There are few things as delightful as sitting outside, basking in the sun, and sipping on a crisp, bright glass of rosé. It’s no wonder the pink-hued wine has skyrocketed in popularity, with frosé now on nearly every summer menu and rosé gummy bears everywhere from candy stores to the . The drink is synonymous with summer bliss, and we can’t get enough of it.
Though grabbing a good bottle is more than satisfactory, mixing it with the likes of lavender or pouring it over a simple sorbet produce next-level flavors. Not to mention, it means there are that many more reasons to drink it—in moderation, of course. Whether looking for a little more punch a la tequila or a touch of fanciness with sparkle and citrus, these rosé cocktails ensure your rosé-induced happiness lasts all summer long (and then some).
The best rosé cocktails are the ones that lightly enhance the wine’s already amazing flavor, like this simple rosé wine cocktail. Made with fresh lemon and grapefruit—it’d be pretty delicious with blood orange too—a splash of gin, dash of simple syrup (we prefer honey), and some ice, it’s the type of drink you can whip up in a flash. Because who wants to labor in the kitchen when the great outdoors (slash your backyard) awaits?
As much as we love classic mimosas, it’s nice to a take a break from the O.J. and spice things up with seasonal ingredients—in this case, lychee. The stone fruit has a softly sweet flavor, and despite its exotic name, is widely accessible even if you don’t live on a tropical island (phew).
Though fresh is always best, this time opt for a can but go light on the syrup as the fruit is sweet enough. If you can’t find store-bought rose water—hint: look in the skincare section at organic markets— and fill a spray bottle with leftovers. Rose water is a great all-natural toner and a lovely way to freshen up after spending hours in the sun sipping rosé.
While frosé may be uber trendy, we like channeling our childhood and opting for a slushy. This recipe also includes our second-favorite summer ingredient, watermelon, making it thick and fruity and kind of resembling a smoothie. (Which means it’s healthyish, right?)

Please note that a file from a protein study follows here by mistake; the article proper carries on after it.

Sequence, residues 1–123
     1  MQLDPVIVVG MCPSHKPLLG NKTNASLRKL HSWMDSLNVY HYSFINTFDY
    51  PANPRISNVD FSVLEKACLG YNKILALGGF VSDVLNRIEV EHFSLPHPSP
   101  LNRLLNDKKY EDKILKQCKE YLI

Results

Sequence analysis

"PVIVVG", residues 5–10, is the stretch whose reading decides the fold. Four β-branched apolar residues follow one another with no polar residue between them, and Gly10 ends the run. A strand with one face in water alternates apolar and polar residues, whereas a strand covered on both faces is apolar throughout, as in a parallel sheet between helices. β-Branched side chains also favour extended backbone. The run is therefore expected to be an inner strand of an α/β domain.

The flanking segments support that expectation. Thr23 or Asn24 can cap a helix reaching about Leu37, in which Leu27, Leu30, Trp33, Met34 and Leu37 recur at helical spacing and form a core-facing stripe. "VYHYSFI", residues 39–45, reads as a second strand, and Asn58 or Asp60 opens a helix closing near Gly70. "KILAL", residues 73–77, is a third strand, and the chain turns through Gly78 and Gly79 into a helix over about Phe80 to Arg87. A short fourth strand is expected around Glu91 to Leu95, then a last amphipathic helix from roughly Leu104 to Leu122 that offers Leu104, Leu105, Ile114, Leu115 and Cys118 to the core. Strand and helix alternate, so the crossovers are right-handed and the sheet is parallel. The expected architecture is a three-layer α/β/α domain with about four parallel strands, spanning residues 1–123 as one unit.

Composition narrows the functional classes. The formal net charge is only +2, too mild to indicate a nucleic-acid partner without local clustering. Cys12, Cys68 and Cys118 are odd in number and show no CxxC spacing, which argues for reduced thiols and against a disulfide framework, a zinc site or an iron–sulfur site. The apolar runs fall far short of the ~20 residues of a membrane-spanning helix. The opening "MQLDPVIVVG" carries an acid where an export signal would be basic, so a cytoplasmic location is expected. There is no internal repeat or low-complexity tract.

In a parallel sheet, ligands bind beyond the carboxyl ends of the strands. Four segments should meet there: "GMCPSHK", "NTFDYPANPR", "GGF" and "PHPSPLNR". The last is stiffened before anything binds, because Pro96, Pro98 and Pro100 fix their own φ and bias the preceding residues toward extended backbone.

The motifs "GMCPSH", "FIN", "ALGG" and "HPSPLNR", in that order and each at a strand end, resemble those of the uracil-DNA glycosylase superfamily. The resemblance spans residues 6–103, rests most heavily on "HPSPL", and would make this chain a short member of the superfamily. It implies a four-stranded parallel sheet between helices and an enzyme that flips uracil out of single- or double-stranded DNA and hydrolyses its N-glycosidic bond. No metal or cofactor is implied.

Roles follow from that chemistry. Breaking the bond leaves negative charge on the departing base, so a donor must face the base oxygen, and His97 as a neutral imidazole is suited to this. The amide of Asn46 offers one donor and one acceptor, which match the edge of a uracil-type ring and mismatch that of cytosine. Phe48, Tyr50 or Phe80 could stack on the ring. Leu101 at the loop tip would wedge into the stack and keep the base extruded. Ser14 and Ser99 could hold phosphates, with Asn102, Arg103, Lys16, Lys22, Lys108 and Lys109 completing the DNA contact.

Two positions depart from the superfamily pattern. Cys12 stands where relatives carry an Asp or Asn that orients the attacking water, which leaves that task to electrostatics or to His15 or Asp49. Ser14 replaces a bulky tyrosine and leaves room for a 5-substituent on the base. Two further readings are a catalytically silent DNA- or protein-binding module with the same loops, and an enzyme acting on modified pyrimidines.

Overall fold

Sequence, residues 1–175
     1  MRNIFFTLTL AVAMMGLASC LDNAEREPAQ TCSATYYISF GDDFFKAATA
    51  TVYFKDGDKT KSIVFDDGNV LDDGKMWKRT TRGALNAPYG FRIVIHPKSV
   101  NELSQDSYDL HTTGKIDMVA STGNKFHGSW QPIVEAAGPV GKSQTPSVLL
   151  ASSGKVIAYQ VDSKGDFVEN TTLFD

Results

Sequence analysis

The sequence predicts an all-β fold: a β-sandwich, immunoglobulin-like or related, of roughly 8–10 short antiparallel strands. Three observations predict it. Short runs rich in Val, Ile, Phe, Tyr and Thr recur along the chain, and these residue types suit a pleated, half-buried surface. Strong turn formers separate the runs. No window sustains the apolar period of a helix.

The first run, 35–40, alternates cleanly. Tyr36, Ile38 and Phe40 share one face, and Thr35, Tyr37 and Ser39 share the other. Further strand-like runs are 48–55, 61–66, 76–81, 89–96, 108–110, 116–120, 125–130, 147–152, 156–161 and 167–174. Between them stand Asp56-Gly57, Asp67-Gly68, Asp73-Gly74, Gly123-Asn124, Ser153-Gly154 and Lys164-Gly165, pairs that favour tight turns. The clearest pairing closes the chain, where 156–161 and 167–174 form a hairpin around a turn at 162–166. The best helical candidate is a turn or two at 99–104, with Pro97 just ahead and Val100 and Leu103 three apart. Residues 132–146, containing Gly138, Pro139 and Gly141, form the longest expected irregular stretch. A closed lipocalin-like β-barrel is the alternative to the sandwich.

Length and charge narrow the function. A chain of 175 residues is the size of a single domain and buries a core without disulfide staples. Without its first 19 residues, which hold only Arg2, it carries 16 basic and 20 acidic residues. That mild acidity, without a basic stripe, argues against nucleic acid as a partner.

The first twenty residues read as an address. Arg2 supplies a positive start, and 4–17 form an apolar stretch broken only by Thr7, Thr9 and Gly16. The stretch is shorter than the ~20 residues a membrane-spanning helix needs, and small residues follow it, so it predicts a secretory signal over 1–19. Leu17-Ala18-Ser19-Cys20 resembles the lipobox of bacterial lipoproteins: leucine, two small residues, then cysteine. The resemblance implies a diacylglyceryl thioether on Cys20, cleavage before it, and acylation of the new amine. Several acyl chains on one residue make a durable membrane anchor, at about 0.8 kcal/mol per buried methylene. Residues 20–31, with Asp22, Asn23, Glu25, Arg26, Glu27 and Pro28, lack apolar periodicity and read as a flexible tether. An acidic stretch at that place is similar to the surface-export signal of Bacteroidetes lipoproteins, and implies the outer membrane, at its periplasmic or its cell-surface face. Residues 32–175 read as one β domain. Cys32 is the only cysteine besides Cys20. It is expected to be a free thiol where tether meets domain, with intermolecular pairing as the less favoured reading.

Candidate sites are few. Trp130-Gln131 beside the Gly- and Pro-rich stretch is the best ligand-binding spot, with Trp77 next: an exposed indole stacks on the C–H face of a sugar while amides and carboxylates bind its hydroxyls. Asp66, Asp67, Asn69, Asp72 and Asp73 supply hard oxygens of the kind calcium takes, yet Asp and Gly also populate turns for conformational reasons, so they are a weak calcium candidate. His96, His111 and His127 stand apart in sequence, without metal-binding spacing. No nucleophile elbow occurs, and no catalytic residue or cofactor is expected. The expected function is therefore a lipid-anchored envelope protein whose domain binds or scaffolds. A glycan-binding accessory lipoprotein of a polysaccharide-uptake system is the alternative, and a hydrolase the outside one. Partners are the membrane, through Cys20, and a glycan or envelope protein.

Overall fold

For the freshest flavor, pop rosé in the freezer in the morning—in a freezer-friendly container, NOT the bottle—and blend the semi-frozen wine with watermelon and a handful of ice cubes right before serving. For an extra refreshing touch, add a pinch of fresh mint to the batch before blending.
Tequila and rosé may sound like a lethal, and rather unpleasant, combination, but the two punchy flavors blend seamlessly thanks to the cocktail of fresh summer fruits and a gut-friendly secret ingredient: kombucha. Make sure to use silver tequila and a dry, light rosé to make sure the booze isn’t overpowering. And feel free to use whichever fruits fit your fancy—though we highly recommend keeping strawberries and peaches in the mix.
If you’re short on time or making things from scratch isn’t your thing, keep this insanely easy rosé wine spritzer recipe in your back pocket. All you need is cherry sorbet, a bottle of rosé, and seltzer water. The fresh mint is optional. Simply drop a spoonful of the sorbet into a wide-topped glass, fill a quarter of the glass with rosé, and top with seltzer. Though most rosé cocktails taste best with a dry variety (often the lightest shades of pink), this recipe is delicious with a fuller-bodied, fruity blend.
A great way to hydrate while boozing: Make your cocktails with tea! These ginger and jasmine rosé cocktails are as refreshing as it gets, and they’re on the healthy side too. To kick their health level up a notch, opt for honey instead of simple syrup—a tiny bit goes a long way —or nix the sweetener and buy a fruitier rosé, which is often sweet enough on its own.
While we’re all about shortcuts, this recipe is best made completely from scratch. Though that may sound like a pain in the buns, once you taste the lemonade, your kitchen woes will be forgotten and you’ll be super pleased you have leftovers on hand. Not to mention, making the lemonade really isn’t that hard. We’re not huge fans of simple syrup, but it really does taste best in this recipe. Plus, any you don’t use for the lemonade tastes great in iced lattes (among other recipes).
To call this recipe a breeze would be an understatement. Simply muddle mint leaves, lime, and sugar in a pitcher (the sugar muddles nicer than syrup and cuts back on sweetness); add a bottle of sparkling rosé; give the mixture a quick whirl; and pour into glasses filled with ice and sliced strawberries.
To make the drinks slightly lighter, fill the glasses three-quarters full and top the rest with seltzer. Did life give you lemons? Feel free to use 'em in place of the limes. Though not a classic mojito, the cocktail tastes just as good.
We never would’ve thought to put rosé and tequila together, but boy are we glad we gave it a try. This recipe is full of unexpected twists—hello, freeze-dried strawberry powder—but comes together beautifully (flavor-wise and in appearance).
Make sure to use fresh squeezed orange juice to temper the sweetness and try substituting chili salt for the classic sugar rim for the perfect complement to the fruit mixture. Another pro tip: Use blood orange juice for an even more vibrant flavor.